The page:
2011-09-19 From iPhone to Android

This is part 6 of my series where I document going from an iPhone to Android 2.3, running on the Samsung Galaxy Gio.

Android and iOS both have home screens, but they really have a different purpose. In iOS, the home screen contains all apps. In Android, your apps are stored in the app drawer (usually the icon in the lower right corner). The Android home screen is much more flexible. It can contain a number of items, of which the most important are: widgets and shortcuts. Widgets are little apps that run on your home screen, showing the date/time, the weather or what have you. A shortcut is just a way of starting up an app via the home screen.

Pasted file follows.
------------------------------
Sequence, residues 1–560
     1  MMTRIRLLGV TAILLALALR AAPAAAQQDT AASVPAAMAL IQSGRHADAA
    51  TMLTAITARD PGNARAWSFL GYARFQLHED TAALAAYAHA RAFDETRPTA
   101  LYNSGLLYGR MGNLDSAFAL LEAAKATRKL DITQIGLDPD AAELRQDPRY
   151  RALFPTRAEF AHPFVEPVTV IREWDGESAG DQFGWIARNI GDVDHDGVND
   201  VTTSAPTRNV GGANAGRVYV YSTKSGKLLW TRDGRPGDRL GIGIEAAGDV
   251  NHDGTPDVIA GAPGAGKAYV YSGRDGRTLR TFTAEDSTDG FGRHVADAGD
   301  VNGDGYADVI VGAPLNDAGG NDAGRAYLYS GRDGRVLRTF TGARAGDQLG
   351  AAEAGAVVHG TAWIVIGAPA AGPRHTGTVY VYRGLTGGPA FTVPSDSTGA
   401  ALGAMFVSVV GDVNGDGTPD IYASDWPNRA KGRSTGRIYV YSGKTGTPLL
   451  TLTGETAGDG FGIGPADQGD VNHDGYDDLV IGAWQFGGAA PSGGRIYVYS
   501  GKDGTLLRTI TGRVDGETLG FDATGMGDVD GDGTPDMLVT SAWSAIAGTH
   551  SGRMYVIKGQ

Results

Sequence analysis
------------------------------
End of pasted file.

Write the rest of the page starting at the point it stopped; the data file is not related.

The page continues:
Thus on Android, you could easily have an empty home screen, if you don't mind starting apps with two taps (first go to the app drawer, then tap the app itself).

At first, the Android home screen is a bit confusing since there are so many possibilities compared to iOS. But there are many cool things here, such as the display of upcoming events in your calendar, right on the home screen: